The goals of the Shariah screening process
We now know that the Shariah screening process enables an Islamic index manager to decide whether a particular stock should either be added to the Islamic index, or if added, whether it should continue to stay there.
Let us examine as to what the purpose of such screening is and what an Islamic index manager wants to achieve from this cumbersome process for the benefit of a set of cautious investors.
The broad purpose of the overall screening is to be able to know whether or not a publicly listed company’s business practices are overleveraged, manipulative, unethical or inefficient in dealing with banks, suppliers, customers, creditors and debtors.
The purpose of the first screening relating to the total interest bearing debt remaining below one-third of a company’s average market capitalization during last 12 months is to discourage the company from amassing interest-bearing debt beyond a manageable level.
We have seen time and again that such a practice by a company leads to the point where it becomes difficult, if not impossible, to manage servicing the debt. In fact, new debt is taken to repay the existing one.
Of course, in a western or non-Islamic economic environment, it will be naïve to expect that a company will not have interest-based borrowings. However, scholars strongly believe that a red line must be drawn beyond which the interest-based borrowings start to jeopardize investors’ interest. Hence, one-third is that red line.
How effective has this Shariah screening parameter been in protecting Islamic investors? I have already explained it in recent articles through the examples of WorldCom, Tyco and Enron. Add to that the French conglomerate Parmalat which collapsed for the same reason in 2003.
The aim of the covenant relating to interest income and earnings from non-Shariah compliant means put together not exceeding 5% of a company’s total income is to encourage the company to invest its surplus funds in trading to earn operating profit, instead of complacent interest income where the company does not make any effort at all to earn it.
The parameter concerning interest-bearing placements and securities (interest-based lending) not crossing one-third of a company’s 12-month market capitalization also serves the same purpose as described above. The aim is for the company to expand organically to be able to generate true income from operation, instead of artificial income through interest and such other means.
The filter concerning the cash and receivables combined not crossing over one-third of the 12-month average market capitalization clearly addresses the quality of a company’s debtors. You may recall the very early articles in this series where I had written about non-permissibility of making money out of money and trading in debt. As such, if a company’s cash and debt combined breaches the boundary, the index manager cannot help but exclude it from the Islamic index.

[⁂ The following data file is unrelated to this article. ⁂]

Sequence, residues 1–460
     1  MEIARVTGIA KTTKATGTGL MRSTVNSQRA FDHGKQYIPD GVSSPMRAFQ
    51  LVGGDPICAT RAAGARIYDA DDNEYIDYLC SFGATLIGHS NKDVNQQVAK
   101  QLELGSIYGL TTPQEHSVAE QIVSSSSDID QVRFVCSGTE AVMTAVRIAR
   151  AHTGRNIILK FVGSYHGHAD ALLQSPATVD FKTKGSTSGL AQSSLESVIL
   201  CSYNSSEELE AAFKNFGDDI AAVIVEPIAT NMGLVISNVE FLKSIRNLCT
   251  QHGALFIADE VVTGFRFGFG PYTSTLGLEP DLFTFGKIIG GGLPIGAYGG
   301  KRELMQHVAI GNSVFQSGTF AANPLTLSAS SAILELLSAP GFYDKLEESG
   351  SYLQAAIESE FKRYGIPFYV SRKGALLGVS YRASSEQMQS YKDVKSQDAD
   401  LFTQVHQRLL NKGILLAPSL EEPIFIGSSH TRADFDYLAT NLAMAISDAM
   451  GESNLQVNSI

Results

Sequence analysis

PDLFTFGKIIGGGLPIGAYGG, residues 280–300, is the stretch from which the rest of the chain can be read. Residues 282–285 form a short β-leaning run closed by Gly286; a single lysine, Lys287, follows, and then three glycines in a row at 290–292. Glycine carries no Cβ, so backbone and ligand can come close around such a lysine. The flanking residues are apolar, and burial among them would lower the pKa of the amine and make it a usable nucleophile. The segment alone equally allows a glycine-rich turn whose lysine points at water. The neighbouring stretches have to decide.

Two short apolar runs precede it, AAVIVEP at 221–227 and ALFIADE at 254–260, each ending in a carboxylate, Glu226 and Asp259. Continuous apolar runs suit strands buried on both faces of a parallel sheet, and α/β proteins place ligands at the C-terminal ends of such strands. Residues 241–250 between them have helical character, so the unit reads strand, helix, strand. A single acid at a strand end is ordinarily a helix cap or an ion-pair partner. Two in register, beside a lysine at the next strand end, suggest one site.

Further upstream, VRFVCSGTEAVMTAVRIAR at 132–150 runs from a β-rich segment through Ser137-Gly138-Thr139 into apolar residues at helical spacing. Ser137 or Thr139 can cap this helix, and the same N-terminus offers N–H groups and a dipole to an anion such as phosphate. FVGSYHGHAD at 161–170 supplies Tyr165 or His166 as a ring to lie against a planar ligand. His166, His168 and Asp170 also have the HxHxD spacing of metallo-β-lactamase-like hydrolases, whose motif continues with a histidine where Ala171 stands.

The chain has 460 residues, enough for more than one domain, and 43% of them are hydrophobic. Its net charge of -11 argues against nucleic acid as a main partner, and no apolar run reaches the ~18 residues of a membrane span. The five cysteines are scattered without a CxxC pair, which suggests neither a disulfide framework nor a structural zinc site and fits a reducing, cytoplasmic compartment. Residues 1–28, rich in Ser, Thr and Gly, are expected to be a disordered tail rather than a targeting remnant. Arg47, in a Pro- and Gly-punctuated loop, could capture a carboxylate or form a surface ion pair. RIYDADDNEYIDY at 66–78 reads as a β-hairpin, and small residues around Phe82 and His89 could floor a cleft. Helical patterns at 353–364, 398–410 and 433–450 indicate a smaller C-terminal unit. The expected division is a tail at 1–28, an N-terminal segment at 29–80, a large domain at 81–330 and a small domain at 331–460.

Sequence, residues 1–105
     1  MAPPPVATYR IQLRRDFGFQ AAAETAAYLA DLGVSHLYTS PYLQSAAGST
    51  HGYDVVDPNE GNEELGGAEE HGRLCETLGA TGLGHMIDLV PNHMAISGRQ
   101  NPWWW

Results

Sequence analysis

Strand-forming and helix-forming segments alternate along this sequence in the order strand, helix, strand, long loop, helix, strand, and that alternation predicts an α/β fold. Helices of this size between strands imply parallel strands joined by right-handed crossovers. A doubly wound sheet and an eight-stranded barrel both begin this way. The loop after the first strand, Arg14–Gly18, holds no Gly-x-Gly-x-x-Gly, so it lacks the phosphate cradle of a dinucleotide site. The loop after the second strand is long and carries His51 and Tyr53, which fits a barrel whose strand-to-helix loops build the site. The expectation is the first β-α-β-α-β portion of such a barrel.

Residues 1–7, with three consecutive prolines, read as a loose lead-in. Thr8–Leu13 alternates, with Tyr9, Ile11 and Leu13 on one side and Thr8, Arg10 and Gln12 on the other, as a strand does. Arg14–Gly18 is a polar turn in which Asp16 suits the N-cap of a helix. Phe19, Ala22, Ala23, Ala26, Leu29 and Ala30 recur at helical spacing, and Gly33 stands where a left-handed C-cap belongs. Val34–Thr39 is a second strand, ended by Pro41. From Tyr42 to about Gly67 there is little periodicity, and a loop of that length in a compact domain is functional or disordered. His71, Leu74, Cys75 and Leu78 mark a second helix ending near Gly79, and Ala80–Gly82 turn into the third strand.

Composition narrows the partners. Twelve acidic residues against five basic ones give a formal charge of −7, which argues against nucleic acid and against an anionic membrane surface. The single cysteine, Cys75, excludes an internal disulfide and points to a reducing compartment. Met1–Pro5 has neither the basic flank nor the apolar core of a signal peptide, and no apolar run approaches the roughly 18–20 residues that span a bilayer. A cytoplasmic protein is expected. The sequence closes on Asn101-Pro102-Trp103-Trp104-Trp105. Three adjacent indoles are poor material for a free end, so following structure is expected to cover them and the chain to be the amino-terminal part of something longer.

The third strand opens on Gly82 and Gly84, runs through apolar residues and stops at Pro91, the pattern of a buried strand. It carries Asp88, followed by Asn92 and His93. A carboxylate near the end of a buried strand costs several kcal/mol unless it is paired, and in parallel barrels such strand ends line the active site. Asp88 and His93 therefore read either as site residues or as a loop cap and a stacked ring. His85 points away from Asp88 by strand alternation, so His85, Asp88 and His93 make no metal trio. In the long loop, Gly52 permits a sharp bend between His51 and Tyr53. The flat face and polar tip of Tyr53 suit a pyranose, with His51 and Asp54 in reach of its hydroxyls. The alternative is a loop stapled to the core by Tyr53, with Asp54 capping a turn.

On the other hand, by deploying an efficient debt recovery means, a company will be able to rely less on borrowed funds and hence will incur lower interest expense, thereby improving its overall income as well as the Shariah acceptability by the Islamic index’s Shariah board.
A question which comes to mind is who monitors these parameters? Well, these well-thought measures are religiously monitored on an ongoing basis by index managers around the world.
A company is removed from an index if it fails to meet any of the above litmus tests. The integrity of an Islamic index is gauged by the frequency of periodic reviews conducted by its Shariah board.
Are the companies in an Islamic index wary of such screening?
Initially, it was not at all considered to be an issue by the blue-chip companies which carried large weight in an Islamic index.
However, as activity in the Islamic market picked up considerably over the years and due to the emergence of more Islamic indices and funds almost covering the entire globe, there is growing awareness among these companies as to the importance of Islamic investors who are guided by the Islamic indices.
On the other hand, after the collapse of a number of large international blue-chip players due to unbearable debt, there has been stricter debt regulations which are proving helpful in making these companies eligible to enter or remain in an Islamic index.
Are there liquidity criteria for selection of stocks?
Though not a Shariah requirement, the promoters of Islamic indices and funds have so far tried to play it safe by selecting actively traded stocks from the developed world. Their purpose seems to be to have easy access and exit in order to provide greater flexibility to an Islamic investor in this relatively new investment field.
The stock screening is carried out through the screening engine to get a fast result. It is not possible to do so manually for thousands of listed shares in different jurisdictions. Also, the latest financial data is critical to give a true picture whereas stale data carries a high risk of misjudging a stock.
The purpose of this educative series and the article is not to hurt any religious or commercial sentiments either consciously or even unwittingly.
Next week: Discussion on Shariah screening parameters to continue.